Peter Bagration descended from the Bagrationi royal dynasty of Georgia. His family immigrated to Russia in 1766 and he was brought up in a remote town of Kizlyar in Daghestan and received basic education at garrison school. He joined as private the Astrakhan Infantry Regiment in 1782 and participated in a number of campaigns on the Northern Caucasus in 1783-1787. He served under Alexander Suvorov in Crimea and distinguished himself at Ochakov in 1788 and was promoted to captain skipping the rank of sub lieutenant. Bagration was promoted to ensign [praporshik] on 9 July 1787, to captain on 18 December 1788 and nominally given rank of sub lieutenant [podporuchik] on 9 July 1789. In 1789-1790, Bagration served in Gregory Potemkins staff and participated in negotiations with representatives of Ali Mahmud Khan of Persia. He also served as adjutant to various generals, including Count Ivan Saltykov and Johann Hermann, who commanded Russian troops in the Caucasus. In 1790, he participated in the campaign against Chechens. By early 1792, Bagration was transferred to the Kiev Horse Jager Regiment and promoted to second major (9 July 1792) and then to premier major (8 December 1793). On 15 May 1794, he was transferred to the Sofia Carabineer Regiment and served in Poland in 1794. He took part in actions at Brest-Litovsk, Sedlitsy, Deryachin, Tatarovka, Sokolnya, In late October, he led his squadron in a surprise attack against a thousand Polish troops camped in woods with a cannon. Bagrations squadron captured 250 men and the gun, while the fleeing Poles lost up to 300 killed and wounded. For this success, Bagration was promoted to lieutenant colonel on 27 October 1794. In November, he followed the main army to Praga, the suburb of Polish capital, but he did not participate in the assault because his regiment was assigned to cover the artillery. Bagration was given command of the 1st Battalion of the Lifland Jagers at Volkovysk in the Grodno gubernia in June 1795. After the military reorganization in 1796, Bagration was appointed commander of the 7th Independent Jager Battalion on 28 May 1797. However, his battalion was soon transformed into the 7th Jager Regiment. On 24 February 1798, Bagration was promoted to colonel and, on 28 January 1799, appointed chef of his regiment, now renamed to Prince Bagrations Jager Regiment. He took part in Suvorovs campaign in Italy and Switzerland in 1799. Commanding the advance and rearguards of the Russian army, he distinguished himself at the battles at Brescia, Lecco, Tortona, Alexandria, Marengo, Turin, Tidone, Trebbia and Novi in Italy as well as during the crossing of the St. Gottard Pass, storming of the Devils Bridge, actions in Muothatal Valley, Nafels, Netstal, Glarus and the Panixer Pass. For his actions, he was awarded Orders of St. Anna (1st Class), of St. Alexander of Neva, of St. John of Jerusalem, Order of Saints Maurice and Lazarus, Austrian Order of Maria Theresa in late 1799. In 1800, his regiment was transformed into the 6th Jagers (10 April) and Bagration was appointed chef of the Life Guard Jager Battalion on 21 June 1800. In 1801, he was appointed commandant of imperial residence at Pavlovsk. In 1805, Bagration commanded the rearguard of the Austro-Russian army and fought with determination at Lambach and Amstetten. At Schngraben (Hollabrunn) on 16 November 1805, he commanded 7,000 men against 30,000 French under Marshals Joachim Murat and Jean Lannes. Loosing two thirds of his troops, Bagration halted the French for over eighteen hours and let the main Allied forces escape to safety. He was promoted to lieutenant general and awarded Order of St. George (2nd Class) on 20 November 1805. During the Allied offensive, he fought at Wischau and Raussnitz and commanded the right wing of the Allied army at Austerlitz on 2 December 1805. After the battle, he covered the retreat of the Russian army to Hungary. He was appointed commander of the Russian advance guard in early January 1807 and joined the army on 25 January. Bagration commanded the Russian advance and rearguards and distinguished himself at Wolfsdorf, Eylau, Altkirch, Guttstadt, Quest, Deppen, Heilsberg, Friedland, and Tilsit, receiving Order of St. Vladimir (2nd Class) and Prussian Orders Red and Black Eagles. During the Russo-Swedish War of 1808, he commanded the 21st Division and successfully occupied southwestern Finland, including Abo. He defeated the Swedish landing near Abo in September 1808. On 15 March 1809, he led the famous march across the frozen Gulf of Bothnia to occupy the Aland Islands and precipitated the coup detat in Stockholm. For his actions, he was promoted to general of infantry on 21 March 1809 and appointed assistant to commander-in-chief General Prozorovsky of the Army of Moldavia on 13 July 1809. After Prozorovskys death on 21 August, he became commander-in-chief and immediately launched offensive southward, capturing fortresses of Macin, Constanta, and Girsov and reaching Cavarna and Bazardjik. On 16 September 1809, Bagration defeated the Turks at Rassevat and on September 22, he besieged Silistra, forcing the Grand Vizier Yussuf to cancel his invasion of Serbia and Wallachia. Bagration halted superior Turkish army at Tataritsa on October 22, but had to lift the siege of Silistra because of lack of supplies and ammunition. He succeeded in taking Ismail and Braila in late 1809. In March 1810, he resigned after disagreement with the Tsar on the overall strategy and for over a year (March 1810 - August 1811) traveled in Austria and Russia arranging his private affairs. On 25 August 1812 he was appointed commander of the Army of Podolsk, which was reorganized into the 2nd Western Army in March 1812. During the Russian Campaign, Bagration successfully eluded Napoleons enveloping maneuvers and achieved victories at Mir and Romanovo. He outmaneuvered Marshal Nicholas Davout at Moghilev and joined Barclay de Tolly at Smolensk on 3 August. He was chief proponent of the Smolensk offensive, but was able to perceive Napoleons designs and successfully defended Smolensk on 15-16 August. His bitter opposition to the retreat led to the dismissal of Barclay de Tolly and the appointment of Mikhail Kutuzov. On September 7, Bagration commanded the Russian left flank at Borodino and fiercely defended the flches against the main French attacks. However, he was seriously wounded by a shell splinter to his left leg and died of wound complications on 24 September at Simy in Vladimir gubernia. He was buried at a local church but his remains were transferred to the Great Redoubt at Borodino battlefield in August 1839. His grave was destroyed by the communists in 1932, but restored in 1987. He was unhappily married to Countess Ekaterina Skavronsky, who had an illegitimate child with Clemence von Metternich in 1801 and played important role in the Congress of Vienna in 1815.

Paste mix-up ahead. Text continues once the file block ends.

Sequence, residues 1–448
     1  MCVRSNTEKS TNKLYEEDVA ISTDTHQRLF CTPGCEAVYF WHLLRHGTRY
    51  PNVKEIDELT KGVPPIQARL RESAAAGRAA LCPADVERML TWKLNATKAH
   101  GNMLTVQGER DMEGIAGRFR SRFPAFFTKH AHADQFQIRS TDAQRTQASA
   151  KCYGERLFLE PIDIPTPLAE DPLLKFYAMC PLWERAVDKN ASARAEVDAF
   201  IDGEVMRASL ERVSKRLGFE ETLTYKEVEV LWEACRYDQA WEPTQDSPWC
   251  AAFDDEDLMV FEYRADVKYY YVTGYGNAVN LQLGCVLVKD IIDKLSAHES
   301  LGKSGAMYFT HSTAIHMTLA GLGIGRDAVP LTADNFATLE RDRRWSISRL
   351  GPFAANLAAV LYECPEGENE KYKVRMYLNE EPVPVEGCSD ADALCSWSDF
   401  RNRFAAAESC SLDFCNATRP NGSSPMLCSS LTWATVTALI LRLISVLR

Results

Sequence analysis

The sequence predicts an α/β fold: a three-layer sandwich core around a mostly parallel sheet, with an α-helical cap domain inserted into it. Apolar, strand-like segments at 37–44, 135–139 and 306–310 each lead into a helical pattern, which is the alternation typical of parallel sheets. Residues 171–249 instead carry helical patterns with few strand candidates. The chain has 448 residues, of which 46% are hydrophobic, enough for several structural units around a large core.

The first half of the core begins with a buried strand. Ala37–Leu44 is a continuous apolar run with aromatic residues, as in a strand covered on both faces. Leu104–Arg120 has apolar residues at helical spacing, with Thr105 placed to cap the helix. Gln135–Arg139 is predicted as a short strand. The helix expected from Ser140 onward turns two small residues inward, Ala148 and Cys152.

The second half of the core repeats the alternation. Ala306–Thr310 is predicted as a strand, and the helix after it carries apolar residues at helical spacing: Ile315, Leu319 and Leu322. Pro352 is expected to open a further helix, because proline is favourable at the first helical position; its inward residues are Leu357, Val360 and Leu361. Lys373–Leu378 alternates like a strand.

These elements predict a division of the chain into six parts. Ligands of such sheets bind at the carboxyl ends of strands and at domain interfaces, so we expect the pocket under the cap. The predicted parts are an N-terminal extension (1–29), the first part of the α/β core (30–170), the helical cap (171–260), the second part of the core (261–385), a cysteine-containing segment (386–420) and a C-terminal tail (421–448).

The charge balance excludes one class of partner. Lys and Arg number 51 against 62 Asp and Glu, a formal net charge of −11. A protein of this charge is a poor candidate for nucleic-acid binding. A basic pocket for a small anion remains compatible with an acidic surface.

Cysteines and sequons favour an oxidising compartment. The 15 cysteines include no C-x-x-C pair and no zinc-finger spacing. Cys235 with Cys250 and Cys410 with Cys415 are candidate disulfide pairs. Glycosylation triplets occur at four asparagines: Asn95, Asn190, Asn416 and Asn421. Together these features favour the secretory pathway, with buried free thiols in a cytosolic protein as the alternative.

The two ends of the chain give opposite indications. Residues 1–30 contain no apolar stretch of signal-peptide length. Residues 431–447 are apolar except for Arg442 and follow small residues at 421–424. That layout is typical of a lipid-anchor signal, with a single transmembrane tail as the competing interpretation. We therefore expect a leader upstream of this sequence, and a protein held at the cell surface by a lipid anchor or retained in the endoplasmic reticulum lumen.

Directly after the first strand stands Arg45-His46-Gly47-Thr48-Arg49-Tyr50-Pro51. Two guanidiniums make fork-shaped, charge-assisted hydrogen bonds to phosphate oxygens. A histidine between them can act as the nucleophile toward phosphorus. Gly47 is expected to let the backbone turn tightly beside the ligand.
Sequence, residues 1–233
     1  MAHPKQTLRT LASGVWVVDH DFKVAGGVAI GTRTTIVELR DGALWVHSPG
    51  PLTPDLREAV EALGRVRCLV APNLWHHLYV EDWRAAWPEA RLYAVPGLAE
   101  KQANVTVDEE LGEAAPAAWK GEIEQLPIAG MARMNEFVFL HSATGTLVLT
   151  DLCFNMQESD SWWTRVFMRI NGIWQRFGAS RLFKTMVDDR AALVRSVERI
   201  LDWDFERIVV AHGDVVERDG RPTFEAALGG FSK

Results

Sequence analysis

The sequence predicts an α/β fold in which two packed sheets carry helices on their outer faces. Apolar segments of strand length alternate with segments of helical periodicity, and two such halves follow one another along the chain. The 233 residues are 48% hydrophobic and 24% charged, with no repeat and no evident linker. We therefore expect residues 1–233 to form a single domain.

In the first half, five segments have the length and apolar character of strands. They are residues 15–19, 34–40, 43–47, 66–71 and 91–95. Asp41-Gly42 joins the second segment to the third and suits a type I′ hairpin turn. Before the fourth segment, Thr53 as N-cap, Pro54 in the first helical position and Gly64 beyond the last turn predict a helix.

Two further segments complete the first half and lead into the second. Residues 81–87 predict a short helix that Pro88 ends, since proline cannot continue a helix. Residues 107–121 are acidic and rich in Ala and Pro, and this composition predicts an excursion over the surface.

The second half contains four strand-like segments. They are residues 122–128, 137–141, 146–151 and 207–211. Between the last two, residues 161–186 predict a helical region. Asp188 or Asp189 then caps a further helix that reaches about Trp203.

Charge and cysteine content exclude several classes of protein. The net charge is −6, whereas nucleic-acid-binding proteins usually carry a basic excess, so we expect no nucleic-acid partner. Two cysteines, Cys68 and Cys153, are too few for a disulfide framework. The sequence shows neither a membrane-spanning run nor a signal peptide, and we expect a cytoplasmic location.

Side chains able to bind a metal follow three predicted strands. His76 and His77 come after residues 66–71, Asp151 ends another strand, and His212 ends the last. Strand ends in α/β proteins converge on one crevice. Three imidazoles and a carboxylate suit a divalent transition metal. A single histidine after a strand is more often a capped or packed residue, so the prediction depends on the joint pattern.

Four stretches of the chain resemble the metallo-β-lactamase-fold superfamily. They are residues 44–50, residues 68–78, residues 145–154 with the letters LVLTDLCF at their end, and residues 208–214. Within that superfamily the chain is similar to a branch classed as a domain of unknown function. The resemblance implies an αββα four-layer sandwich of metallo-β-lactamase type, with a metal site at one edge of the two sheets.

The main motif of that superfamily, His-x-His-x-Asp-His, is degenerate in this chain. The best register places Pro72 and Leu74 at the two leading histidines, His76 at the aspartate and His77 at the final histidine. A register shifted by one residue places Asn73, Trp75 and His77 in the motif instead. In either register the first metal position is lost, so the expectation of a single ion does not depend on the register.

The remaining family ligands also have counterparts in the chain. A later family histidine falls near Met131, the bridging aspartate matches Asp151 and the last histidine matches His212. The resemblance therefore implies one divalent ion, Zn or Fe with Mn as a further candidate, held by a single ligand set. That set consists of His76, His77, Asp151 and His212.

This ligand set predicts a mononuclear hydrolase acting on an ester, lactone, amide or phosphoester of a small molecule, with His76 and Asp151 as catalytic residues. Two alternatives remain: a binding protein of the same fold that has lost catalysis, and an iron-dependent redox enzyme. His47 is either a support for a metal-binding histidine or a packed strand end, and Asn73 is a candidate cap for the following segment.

For more information on General Bagration, see: Peter Bagration: The Best Georgian General of the Napoleonic Wars

Placed on the Napoleon Series: October 2002; updated November 2003.